UNIDENTIFIED MALE:  During this time of prosperity, the top one percent was talking about 10 percent of the total annual income, but yet today we are righting to not let the tax breaks for the wealthy expire?

REP. PAUL RYAN ®, WISCONSIN:  We do tax the top.



UYGUR:  Look, the guy who asked that question described himself as a lifelong conservative, but he‘s had it.  He‘s unequal.

When he said, “We do tax the top,” that‘s a lie.  He brings down the taxes from the top from 35 percent to 25 percent.  That‘s why they booed him, because they know it‘s not true. 

And just look at this poll.  Nationwide, 72 percent support raising taxes on those making over $250,000 a year.  That proposal has the majority support of Democrats, Independents and Republicans.  Look at the number—

54 percent of Republicans saying enough is enough, raise taxes on people making over $250,000. 

But despite all this, the 2012 GOP contenders are still denouncing Democrats as depraved tax-hikers.  Now, let alone how unpopular that position is, they‘re also not telling the truth about their own record on the issue. 

So let‘s take a look at the tax history of the top two Republicans that are likely to enter the presidential race. 

First, Mitt Romney.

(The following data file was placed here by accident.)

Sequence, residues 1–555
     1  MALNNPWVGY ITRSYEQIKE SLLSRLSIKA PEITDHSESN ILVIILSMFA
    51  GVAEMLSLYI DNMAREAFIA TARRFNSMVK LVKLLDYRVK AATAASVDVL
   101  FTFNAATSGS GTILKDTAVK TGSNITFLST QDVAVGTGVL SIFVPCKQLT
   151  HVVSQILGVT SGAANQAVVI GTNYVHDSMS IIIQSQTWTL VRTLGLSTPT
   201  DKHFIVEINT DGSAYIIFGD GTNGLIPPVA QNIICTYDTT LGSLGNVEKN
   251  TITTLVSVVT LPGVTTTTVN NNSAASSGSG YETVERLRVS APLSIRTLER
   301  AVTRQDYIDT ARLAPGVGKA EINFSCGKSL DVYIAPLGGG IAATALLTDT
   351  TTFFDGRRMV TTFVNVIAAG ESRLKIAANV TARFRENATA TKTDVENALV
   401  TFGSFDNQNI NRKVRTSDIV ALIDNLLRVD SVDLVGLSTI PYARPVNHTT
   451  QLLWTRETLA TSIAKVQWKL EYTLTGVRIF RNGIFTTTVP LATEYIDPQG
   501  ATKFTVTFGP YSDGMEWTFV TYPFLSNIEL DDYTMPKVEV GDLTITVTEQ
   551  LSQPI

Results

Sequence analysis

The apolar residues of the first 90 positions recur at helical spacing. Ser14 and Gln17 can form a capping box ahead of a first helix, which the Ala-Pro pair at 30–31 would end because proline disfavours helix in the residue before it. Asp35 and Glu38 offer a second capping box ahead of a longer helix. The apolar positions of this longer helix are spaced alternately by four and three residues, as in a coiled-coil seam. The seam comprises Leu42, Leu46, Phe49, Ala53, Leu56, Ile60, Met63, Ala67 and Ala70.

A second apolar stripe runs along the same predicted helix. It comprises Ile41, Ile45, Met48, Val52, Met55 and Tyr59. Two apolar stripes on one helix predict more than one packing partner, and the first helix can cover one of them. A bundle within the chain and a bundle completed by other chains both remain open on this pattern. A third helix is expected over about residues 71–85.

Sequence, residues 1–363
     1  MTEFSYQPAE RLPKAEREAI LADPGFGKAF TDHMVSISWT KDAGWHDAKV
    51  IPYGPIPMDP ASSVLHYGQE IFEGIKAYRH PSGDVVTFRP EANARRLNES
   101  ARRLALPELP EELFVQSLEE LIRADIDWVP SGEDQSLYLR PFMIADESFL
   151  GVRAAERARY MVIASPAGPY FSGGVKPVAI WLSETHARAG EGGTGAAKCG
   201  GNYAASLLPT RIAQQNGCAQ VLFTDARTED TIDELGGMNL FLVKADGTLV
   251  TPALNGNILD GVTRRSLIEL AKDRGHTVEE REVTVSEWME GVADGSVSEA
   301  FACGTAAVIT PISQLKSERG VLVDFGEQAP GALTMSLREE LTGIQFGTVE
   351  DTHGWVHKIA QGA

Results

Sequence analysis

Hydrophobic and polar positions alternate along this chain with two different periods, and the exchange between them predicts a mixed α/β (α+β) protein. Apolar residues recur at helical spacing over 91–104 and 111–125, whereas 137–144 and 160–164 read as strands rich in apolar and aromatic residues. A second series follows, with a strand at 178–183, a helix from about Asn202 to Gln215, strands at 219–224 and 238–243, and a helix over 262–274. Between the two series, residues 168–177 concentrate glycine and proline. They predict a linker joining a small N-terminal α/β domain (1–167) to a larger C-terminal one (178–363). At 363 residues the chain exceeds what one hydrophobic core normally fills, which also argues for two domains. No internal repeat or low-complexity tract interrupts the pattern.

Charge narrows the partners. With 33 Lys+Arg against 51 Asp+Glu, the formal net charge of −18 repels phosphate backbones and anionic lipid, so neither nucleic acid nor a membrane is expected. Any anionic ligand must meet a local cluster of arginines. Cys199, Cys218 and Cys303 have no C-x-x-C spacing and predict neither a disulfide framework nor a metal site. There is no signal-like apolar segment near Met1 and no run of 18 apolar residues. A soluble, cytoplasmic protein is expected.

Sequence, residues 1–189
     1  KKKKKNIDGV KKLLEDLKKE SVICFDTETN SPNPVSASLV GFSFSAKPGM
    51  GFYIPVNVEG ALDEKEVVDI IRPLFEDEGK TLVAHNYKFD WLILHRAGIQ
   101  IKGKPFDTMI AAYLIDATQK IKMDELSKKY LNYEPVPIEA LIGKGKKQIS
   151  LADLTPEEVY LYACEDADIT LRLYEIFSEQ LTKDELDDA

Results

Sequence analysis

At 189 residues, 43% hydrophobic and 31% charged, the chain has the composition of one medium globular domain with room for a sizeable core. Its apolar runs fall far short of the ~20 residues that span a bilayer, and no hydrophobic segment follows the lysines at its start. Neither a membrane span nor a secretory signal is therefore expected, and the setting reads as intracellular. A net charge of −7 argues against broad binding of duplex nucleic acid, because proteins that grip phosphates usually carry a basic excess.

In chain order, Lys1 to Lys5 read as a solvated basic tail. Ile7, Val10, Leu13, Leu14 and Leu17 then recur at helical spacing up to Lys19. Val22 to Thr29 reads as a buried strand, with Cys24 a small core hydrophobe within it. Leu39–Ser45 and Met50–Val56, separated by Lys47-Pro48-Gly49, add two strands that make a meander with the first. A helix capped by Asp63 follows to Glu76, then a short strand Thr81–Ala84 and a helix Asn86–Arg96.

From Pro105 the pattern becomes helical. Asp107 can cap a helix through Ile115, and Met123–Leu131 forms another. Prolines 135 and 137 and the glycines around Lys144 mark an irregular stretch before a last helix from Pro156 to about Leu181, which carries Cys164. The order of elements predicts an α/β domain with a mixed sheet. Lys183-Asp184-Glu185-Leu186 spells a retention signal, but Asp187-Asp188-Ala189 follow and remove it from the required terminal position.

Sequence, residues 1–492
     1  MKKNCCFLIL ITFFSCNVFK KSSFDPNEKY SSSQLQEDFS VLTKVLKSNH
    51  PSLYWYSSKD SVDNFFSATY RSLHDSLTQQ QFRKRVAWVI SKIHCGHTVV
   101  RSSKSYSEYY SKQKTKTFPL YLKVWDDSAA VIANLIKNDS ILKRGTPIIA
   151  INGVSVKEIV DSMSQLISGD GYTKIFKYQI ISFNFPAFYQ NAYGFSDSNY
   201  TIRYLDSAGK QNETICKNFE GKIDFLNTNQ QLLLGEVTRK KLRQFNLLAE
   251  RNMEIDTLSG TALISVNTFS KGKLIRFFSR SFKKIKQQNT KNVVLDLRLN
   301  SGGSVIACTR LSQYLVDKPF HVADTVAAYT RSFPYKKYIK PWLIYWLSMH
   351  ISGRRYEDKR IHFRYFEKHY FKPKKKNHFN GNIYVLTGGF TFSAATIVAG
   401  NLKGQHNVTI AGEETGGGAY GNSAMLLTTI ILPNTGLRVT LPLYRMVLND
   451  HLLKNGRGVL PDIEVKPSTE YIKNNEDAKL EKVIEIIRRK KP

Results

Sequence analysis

In this 2007 GOP presidential debate, Romney said that while Democrats wanted to raise taxes while he was Massachusetts governor, he put his foot down. 


MITT ROMNEY ®, FMR. MASSACHUSETTS GOVERNOR:  The Democrats—you probably know that Massachusetts is a bit of a Democratic state.  The Democrats wanted to raise taxes.  I said no way.  And, in fact, we did not raise taxes on our citizens, and we lowered them across our state time and again. 


UYGUR:  No way.  Really?  Well, then how do you explain this? 

Andrew Romano of “The Daily Beast” reports that Romney raised a grand total of $432 million in fee hikes on things like marriage licenses, drivers license renewals, gun permits—oh my God—community college tuition, and even bottle deposits.  And he raised more than $309 million annually by closing corporate tax loopholes. 

Now, look, I like that policy, and it might have been necessary.  But it was definitely tax increases. 

Now, how about Mike Huckabee?  During the former Arkansas governor‘s last presidential bid, he insisted that he cut taxes more than he raised them. 

Just check out a portion of one of his campaign ads.